Female white-collar workers remain at higher risk of breast cancer after adjustments for individual risk factors related to reproduction and lifestyle

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Abstract

Objectives

The aim was to investigate the variation in risk of breast cancer between occupational groups with a focus on white-collar and blue-collar workers and to investigate to what extent the differences were explained by risk factors related to reproduction and lifestyle.

Methods

Between 1991 and 1996, 14 119 women born between 1923 and 1950 and residents of Malmö, Sweden, were included in this cohort study. Individual data on risk factors (eg, age, parity, age at first child, months of breast feeding per child, hormonal replacement therapy, physical activity, alcohol consumption, smoking, height and body mass index) and occupational history were assessed using a questionnaire. First-time diagnoses of invasive breast cancer were identified through the Swedish Cancer Registry up until 31 December 2013.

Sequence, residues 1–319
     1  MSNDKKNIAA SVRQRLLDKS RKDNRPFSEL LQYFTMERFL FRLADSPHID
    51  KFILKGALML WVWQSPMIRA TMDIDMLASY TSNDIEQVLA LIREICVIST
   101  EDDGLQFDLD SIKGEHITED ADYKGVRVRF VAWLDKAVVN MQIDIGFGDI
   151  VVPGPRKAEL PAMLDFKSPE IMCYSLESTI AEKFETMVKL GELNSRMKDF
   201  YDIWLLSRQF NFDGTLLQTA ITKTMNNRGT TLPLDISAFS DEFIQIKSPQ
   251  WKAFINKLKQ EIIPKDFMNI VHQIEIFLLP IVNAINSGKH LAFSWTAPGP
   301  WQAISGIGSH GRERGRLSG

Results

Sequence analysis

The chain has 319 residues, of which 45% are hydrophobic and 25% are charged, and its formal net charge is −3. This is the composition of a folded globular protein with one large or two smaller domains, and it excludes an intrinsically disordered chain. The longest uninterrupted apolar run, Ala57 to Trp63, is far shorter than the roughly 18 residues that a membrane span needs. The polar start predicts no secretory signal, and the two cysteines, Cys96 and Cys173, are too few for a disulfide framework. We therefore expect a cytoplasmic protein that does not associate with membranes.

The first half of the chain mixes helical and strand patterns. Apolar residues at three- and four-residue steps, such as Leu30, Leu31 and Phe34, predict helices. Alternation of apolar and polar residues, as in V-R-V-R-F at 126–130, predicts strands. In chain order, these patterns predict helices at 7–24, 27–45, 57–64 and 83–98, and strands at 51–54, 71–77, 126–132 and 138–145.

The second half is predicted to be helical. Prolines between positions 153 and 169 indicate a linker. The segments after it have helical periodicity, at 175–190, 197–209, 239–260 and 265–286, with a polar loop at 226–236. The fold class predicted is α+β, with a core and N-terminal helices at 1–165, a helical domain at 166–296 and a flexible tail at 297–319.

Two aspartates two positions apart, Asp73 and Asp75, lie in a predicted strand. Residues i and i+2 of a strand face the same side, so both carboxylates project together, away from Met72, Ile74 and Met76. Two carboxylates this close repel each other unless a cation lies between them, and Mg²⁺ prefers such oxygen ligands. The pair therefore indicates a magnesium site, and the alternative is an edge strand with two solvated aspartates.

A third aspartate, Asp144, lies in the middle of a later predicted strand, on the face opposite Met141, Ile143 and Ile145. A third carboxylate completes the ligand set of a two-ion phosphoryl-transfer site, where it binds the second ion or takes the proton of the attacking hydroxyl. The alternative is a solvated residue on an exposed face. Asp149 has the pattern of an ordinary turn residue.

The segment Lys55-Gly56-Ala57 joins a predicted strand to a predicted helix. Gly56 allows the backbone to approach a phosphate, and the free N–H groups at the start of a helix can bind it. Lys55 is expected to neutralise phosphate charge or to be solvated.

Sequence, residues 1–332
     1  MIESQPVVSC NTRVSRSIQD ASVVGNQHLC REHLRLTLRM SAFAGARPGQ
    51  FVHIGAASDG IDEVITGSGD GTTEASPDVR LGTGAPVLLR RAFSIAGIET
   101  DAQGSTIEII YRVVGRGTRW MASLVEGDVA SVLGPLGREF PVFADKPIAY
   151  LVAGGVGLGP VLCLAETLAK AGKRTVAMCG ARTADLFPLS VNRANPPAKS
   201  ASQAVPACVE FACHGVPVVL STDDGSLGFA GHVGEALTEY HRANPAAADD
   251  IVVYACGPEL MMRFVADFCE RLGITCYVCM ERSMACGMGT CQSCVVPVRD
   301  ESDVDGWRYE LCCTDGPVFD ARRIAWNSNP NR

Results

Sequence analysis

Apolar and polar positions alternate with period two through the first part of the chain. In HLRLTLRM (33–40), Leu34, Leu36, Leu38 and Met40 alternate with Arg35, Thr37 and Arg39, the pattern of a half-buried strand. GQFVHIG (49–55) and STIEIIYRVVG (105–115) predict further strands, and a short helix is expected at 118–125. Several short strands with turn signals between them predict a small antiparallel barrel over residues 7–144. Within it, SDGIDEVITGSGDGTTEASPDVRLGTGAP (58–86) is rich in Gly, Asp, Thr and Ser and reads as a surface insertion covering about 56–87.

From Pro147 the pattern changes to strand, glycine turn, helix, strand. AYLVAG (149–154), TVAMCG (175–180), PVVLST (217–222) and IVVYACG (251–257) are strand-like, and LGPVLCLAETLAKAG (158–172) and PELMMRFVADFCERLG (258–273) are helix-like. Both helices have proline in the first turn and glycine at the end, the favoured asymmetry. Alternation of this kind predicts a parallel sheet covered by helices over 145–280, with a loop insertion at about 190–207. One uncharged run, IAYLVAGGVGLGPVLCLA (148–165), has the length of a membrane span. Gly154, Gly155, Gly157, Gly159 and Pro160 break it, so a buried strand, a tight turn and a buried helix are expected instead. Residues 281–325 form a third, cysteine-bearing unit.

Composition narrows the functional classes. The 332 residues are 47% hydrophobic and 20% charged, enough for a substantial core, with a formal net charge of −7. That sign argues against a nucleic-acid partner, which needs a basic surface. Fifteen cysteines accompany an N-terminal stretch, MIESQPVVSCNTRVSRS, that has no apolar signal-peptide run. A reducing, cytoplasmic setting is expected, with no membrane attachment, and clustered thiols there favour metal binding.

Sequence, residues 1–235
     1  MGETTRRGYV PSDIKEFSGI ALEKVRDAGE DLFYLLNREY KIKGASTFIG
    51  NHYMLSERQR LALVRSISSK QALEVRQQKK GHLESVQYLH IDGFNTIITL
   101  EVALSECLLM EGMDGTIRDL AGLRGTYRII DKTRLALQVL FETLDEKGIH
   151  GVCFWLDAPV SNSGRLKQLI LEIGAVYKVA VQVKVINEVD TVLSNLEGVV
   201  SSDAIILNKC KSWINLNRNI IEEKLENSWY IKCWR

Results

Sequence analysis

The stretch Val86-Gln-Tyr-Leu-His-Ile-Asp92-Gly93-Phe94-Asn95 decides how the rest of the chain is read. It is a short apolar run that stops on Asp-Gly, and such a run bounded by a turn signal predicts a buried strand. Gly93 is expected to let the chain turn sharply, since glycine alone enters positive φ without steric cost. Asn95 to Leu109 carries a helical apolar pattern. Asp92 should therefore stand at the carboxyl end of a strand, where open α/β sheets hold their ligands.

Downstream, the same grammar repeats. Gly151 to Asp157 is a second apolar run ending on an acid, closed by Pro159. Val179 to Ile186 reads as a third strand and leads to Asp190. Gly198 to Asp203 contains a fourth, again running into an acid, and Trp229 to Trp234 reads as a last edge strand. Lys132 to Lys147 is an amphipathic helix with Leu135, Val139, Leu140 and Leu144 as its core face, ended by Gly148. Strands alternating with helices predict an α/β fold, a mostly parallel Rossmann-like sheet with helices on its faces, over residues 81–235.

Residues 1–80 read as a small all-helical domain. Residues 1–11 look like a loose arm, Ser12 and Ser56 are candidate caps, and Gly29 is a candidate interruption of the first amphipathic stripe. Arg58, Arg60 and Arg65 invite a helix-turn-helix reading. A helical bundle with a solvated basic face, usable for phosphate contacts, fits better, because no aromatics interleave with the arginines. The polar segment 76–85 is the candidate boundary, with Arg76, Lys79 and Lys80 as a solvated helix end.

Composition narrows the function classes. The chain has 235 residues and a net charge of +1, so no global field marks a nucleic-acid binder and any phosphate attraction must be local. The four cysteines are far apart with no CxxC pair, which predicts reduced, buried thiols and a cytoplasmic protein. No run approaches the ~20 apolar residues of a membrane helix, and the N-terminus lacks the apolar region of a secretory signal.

Results

A total of 897 women were diagnosed with breast cancer. Analyses adjusted for age showed an increased risk for white-collar workers compared with blue-collar workers and indicated higher risks in the occupational categories: professionals, administrative and bookkeeping than among women in sales, transportation, production and service work. This difference was only marginally attenuated after adjustment for an extensive set of risk factors related to reproduction and lifestyle.

Conclusion

Reproductive and lifestyle factors explain only a minor part of the increased risk of breast cancer in white-collar workers. Further studies are needed to investigate the remaining factors for the difference in risk between occupational groups.

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